Prokaryotes and Eukaryotes
By now, you know that cell theory holds good for all living forms. However, if you examine under the microscope, the cells of a bacterium, a blue green alga or a mycoplasma on the one hand and an amoeba, or a Chlarnydomonas or an individual cell of a multicellular organism, whether plant or animal. on the other, you will note a distinct difference between the two groups. You will not see a well formed nucleous in the first group of organism as they do not have a discrete nucleous and their nuclear material is not surrounded by a nuclear membrane.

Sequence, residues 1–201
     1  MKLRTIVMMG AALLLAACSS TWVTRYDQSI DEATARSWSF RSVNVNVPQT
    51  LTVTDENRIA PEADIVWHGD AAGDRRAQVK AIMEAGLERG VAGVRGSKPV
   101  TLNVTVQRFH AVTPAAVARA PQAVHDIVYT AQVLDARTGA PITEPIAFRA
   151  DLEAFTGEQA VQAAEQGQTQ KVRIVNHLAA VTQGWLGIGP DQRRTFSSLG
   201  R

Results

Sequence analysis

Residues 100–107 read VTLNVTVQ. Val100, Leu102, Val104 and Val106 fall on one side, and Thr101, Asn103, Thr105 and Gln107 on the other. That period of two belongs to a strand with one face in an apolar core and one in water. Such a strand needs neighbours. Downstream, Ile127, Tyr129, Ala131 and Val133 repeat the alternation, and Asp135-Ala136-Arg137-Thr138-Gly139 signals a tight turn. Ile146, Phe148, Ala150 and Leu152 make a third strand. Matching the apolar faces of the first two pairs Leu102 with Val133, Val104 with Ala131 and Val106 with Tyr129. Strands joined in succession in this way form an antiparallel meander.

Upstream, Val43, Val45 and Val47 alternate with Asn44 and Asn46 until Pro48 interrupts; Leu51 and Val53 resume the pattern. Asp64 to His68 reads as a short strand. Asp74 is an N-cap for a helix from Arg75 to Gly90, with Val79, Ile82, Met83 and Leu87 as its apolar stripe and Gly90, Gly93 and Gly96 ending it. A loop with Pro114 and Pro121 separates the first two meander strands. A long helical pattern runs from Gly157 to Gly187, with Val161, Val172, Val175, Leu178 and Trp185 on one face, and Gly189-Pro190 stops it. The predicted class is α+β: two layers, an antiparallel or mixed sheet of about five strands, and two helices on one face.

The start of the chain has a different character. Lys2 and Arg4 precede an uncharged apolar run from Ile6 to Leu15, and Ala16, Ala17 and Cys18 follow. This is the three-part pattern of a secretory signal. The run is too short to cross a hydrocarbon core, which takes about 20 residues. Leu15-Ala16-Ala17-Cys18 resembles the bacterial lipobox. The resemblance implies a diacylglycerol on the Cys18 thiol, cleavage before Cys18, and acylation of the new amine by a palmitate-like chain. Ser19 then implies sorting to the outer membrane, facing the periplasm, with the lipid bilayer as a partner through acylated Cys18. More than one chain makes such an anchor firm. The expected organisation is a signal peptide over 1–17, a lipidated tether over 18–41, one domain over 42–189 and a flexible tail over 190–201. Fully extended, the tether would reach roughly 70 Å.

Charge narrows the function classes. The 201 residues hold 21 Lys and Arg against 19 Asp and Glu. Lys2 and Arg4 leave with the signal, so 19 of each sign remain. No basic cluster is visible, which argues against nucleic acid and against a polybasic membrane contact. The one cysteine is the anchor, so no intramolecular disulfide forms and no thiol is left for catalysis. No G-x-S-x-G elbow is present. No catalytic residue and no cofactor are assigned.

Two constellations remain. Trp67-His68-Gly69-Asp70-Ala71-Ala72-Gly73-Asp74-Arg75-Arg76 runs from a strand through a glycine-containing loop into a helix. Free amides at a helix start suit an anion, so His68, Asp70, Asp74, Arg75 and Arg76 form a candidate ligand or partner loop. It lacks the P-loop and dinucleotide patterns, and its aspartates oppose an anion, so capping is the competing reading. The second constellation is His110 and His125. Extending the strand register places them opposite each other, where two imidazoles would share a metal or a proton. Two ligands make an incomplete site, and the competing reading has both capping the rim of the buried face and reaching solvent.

You will however notice that members of the other group consisting of amoeba or Chlamydomonas or an individual cell of a multicellular organism whether plant or animal are characterised by a distinct well formed membrane bound nucleus, called karyon (also written as caryon). From an evolutionary point of view, absence of the membrane-bound nucleus is considered primitive while its presence is deemed advanced. Therefore, biologists have coined two separate terms to denote the two categories of organisms i.e., the prokaryotes or procaryotes whose cells lack a membrane-bound nucleus and eukaryotes or eucaryotes whose cells have discrete nuclei.